Remember the first large-scale Mirai attack late last year? That was the one directed at IP cameras and took advantage of router configurations settings that many consumers never bother changing. The main culprit, though, was Universal Plug and Play or UPnP, which is enabled as a default setting on zillions of routers worldwide.
What is UPnP?
If you’ve ever plugged a USB keyboard into a laptop, you’ve lived the “plug and play experience”, but things are often not so straightforward with networked devices. How does a new printer, camera, coffee pot or toy know how to attach to your network and then configure your router to allow for port access?
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UPnP is a convenient way of allowing gadgets to find other devices on your network and if necessary modify your router to allow for device access from outside of your network. Via the Internet Gateway Device Protocol, a UPnP client can obtain the external IP address of for your network and add new port forwarding mappings as part of its setup process.
This is extremely convenient from a consumer perspective as it greatly decreases the complexity of setting up new devices. Unfortunately, with this convenience have come multiple vulnerabilities and large-scale attacks which have exploited UPnP.
UPnP: The Danger
However, this convenience factor provides an opening for hackers. In the case of Mirai, it allowed them to scan for these ports, and then hack into the device at the other end.
Hackers have now found an even more diabolical use of UPnP with the banking trojan Pinkslipbot, also known as QakBot or QBot.
Around since 2000, QakBot infects computers, installs a key logger, and then sends banking credentials to remote Command and Control (C2) servers.
When we wrote our first series on pen testing, we described how remote access trojans (RATs) residing on the victims’ computers are sent commands remotely from the hackers’ servers over an HTTP or HTTPS connection.
This is a stealthy approach in post-exploitation because it makes it very difficult for IT security to spot any abnormalities. After all, to an admin or technician watching the network it would just appear that the user is web browsing — even though the RAT is receiving embedded commands to log keystrokes or search for PII, and exfiltrating passwords, credit card numbers, etc. to the C2s.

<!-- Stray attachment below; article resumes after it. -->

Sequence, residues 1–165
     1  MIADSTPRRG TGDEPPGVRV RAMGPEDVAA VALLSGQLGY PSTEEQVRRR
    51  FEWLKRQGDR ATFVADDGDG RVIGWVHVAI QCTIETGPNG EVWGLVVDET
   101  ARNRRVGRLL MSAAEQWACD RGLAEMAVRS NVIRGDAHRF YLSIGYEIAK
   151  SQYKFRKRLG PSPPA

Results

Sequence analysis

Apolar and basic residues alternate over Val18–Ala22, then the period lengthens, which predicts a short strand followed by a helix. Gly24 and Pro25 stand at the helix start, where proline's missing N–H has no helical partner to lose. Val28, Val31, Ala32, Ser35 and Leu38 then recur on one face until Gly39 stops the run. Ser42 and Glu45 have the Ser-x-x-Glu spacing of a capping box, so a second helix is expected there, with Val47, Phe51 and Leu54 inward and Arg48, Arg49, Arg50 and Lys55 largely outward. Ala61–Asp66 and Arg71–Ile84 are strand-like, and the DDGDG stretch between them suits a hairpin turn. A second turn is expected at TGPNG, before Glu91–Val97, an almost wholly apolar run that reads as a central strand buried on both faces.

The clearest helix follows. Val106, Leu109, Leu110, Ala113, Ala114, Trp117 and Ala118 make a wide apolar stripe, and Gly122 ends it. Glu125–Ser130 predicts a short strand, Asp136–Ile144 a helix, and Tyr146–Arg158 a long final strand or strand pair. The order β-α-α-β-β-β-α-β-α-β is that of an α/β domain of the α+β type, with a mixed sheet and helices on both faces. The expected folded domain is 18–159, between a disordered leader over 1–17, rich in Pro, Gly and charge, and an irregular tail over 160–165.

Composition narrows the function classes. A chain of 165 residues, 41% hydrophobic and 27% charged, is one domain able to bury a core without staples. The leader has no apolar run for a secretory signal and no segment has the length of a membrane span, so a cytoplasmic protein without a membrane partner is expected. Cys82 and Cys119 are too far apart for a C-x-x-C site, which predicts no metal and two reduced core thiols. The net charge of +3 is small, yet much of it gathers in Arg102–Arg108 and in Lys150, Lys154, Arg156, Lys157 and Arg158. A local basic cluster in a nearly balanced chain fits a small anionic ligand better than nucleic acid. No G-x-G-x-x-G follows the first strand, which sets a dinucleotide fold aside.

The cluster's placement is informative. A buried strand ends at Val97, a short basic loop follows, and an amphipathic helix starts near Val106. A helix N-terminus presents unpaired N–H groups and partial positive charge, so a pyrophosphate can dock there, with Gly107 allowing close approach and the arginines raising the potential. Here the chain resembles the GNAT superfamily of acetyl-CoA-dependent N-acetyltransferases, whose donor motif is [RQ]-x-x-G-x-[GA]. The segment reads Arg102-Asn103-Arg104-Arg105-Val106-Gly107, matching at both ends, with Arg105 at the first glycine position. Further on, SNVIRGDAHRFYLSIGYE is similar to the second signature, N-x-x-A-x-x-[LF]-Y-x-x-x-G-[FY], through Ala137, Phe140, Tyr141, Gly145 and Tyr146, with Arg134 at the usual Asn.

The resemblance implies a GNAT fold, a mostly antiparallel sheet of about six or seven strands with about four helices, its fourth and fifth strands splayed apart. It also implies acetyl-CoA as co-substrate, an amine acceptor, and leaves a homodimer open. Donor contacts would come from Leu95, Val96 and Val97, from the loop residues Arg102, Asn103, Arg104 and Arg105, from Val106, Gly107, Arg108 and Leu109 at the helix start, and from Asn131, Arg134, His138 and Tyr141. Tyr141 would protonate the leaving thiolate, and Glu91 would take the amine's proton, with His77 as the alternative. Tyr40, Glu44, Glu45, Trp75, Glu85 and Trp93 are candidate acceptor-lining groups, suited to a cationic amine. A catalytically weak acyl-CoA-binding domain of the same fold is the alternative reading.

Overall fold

The right defense against this is to block the domains of known C2 hideouts. Of course, it becomes a cat-and-mouse game with the hackers as they find new dark spots on the Web to set up their servers as old ones are filtered out by corporate security teams.
And that’s where Pinkslipbot has added a significant innovation. It has introduced, for lack of a better term, middle-malware, which infects computers, but not to take user credentials! Instead, the middle-malware installs a proxy C2 server that relays HTTPS to the real C2 servers.
The Pinkslipbot infrastructure therefore doesn’t have a fixed domain for their C2 servers. In effect, the entire Web is their playing field! It means that it’s almost impossible to maintain a list of known domains or addresses to filter out.
What does UPnP have to do with Pinkslipbot?
When the Pinkslipbot is taking over a consumer laptop, it checks to see if UPnP is enabled. If it is, the Pinkslipbot middle-malware issues a UPnP request to the router to open up a public port. This allows Pinslipbot to then act as a relay between those computers infected with the RATs and the hackers’ C2 servers (see the diagram).
It’s fiendish, and I begrudgingly give these guys a (black) hat tip.
One way for all of us to make these kinds of attacks more difficult to pull off is to simply disable the UPnP or port-forwarding feature on our home routers. You probably don’t need it!
By the way, you can see this done here for my own home Linksys router. And while you’re carrying out the reconfiguration, take the time to come up with a better admin password.
Do this now!
Security Stealth Wars: IT Is Not Winning (With Perimeter Defenses)
Phishing, FUD malware, malware-free hacking with PowerShell, and now hidden C2 servers. The hackers are gaining the upper-hand in post-exploitation: their activities are almost impossible to block or spot with traditional perimeter security techniques and malware scanning.
What to do?
The first part is really psychological: you have to be willing to accept that the attackers will get in. I realize that it means admitting defeat, which can be painful for IT and tech people. But now you’re liberated from having to defend an approach that no longer makes sense!
Once you’ve passed over this mental barrier, the next part follows: you need a secondary defense for detecting hacking that’s not reliant on malware signatures or network monitoring.
I think you know where this is going. Defensive software that’s based on – wait for it — User Behavior Analytics (UBA) can spot the one part of the attack that can’t be hidden: searching for PII in the file system, accessing critical folders and files, and copying the content.
In effect, you grant the hackers a small part of the cyber battlefield, only to defeat them later on.